One of the biggest obstacles to mourning is that we can’t face our ambivalence: the extent to which we hated the lost object of our love. The ambivalence is complicated. On the one hand, it seems, no matter how much they meant to us, we’re always in some part of us glad to be shot of them. On the other hand, we also hate them for no longer being there. And there are the unconscionable pleasures and benefits that accrue from their absence.
We can hardly help being ambivalent about what we call ‘nature’ and its nemesis, fossil capital. The former means desperate, hard, labouring lives and early deaths. The latter, to the extent that it is coextensive with industrialisation, means comfort, central heating, celerity.
So what is the greenhouse defrosting of arctic sea ice, the bleached death of a coral reef, and the disappearance of thousands of species every year compared to air travel, moon voyages, genetic science laboratories, and the internet. What is the silence of the remote croft, or the murmur of the forest, compared to rising life expectations and falling infant mortality?
The other side of this ambivalence, the nocturnal side, is the knowledge — because this is no mystery, and anyone who wants to know already knows — that we are preparing a mass wake for the human species. It is a planned obsolescence. There are some hubristic billionaires who, by investing in survivalist Xanadus, fancy they will survive the collapse of the food chain and the destruction of habitable territory. Few have the luxury of that conviction. So, put another way, the questions above become: what is species death compared to another fifty years of life for capitalism?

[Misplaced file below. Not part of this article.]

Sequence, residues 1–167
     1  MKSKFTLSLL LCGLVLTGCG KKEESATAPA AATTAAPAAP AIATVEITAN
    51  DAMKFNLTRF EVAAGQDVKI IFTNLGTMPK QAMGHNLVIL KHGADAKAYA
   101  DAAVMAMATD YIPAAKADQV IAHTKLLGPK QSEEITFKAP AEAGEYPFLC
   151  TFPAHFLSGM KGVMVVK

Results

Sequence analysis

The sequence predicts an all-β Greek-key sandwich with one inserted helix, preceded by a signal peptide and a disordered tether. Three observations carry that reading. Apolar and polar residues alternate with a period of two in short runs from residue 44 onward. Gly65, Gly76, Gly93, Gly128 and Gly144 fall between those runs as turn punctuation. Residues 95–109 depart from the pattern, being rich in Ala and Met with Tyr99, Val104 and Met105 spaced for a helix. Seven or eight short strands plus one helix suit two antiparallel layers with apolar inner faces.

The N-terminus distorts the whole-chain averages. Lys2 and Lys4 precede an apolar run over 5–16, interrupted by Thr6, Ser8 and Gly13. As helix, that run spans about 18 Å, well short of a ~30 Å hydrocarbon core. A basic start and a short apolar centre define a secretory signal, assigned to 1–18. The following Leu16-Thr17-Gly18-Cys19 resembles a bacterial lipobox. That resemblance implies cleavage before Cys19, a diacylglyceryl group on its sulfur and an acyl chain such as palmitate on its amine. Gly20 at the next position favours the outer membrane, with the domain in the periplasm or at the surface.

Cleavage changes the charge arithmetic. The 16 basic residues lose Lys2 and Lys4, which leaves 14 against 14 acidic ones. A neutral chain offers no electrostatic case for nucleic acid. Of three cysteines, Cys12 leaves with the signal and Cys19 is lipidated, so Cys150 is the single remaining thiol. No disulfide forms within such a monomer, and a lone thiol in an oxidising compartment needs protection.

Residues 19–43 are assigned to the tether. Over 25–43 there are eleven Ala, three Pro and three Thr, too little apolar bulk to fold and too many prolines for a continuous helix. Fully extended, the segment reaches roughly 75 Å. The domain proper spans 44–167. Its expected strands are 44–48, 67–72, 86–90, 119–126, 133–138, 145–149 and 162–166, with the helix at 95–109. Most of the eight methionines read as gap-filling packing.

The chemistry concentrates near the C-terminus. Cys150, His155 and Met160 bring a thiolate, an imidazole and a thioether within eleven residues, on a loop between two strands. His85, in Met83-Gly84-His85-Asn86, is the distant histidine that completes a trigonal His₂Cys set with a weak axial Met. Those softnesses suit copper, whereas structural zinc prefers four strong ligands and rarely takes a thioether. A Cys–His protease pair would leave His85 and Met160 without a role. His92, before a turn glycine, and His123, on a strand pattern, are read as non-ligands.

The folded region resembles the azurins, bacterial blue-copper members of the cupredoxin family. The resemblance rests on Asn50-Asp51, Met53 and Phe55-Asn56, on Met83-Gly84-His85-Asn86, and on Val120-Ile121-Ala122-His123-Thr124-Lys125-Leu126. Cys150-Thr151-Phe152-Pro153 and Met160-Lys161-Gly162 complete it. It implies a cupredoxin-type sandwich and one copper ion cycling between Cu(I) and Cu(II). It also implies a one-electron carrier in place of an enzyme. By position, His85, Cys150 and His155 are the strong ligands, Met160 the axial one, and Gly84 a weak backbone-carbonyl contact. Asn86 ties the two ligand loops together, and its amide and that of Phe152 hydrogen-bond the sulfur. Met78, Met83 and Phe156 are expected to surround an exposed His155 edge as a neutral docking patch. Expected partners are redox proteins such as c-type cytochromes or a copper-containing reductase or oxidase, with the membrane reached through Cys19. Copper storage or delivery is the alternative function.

It is useless to berate the insufficiently woke. We are all sleep-walking, and all half-dreaming, even if we dream of being awake. We are all hastening toward the last syllable of recorded time. And the point of melancholic subjectivity is that we are already berating ourselves. Our experience of powerlessness in the face of loss, and isolation before gigantic, tectonic forces, has already become our mantra of self-hate. Adding reproach in the name of the future would only accentuate our resentment of future generations, and our desire to punish them.
But if mourning is movement, it is also work. The work of mourning is not the same thing as the sharp, icicle stab of grief one might feel, while walking, when you suddenly realise that some day and soon, nothing that looks like this world will exist. It is the painful, laborious task of revisiting each memory, each thought, each impression, of what has been lost and, like Poe’s raven, meeting it with the judgement, “nevermore”. Mourning is not an uplifting process. It is a kind of despair, because it means giving up. First chill. Then stupor. Then the letting go.
Only when we can separate the object that has been lost, from what has been lost in it, do we recover. In other words, we give up without giving up. We fully and relentlessly recognise the loss, but we hold onto the qualities we saw in the lost object, because we think we can find a way to revive them in a new passion, a new attachment. We despair, but we do not submit.
“Despair without fear, without resignation, without a sense of defeat,” Berger called it, speaking of the Palestinians and their Nakba. “Undefeated despair.”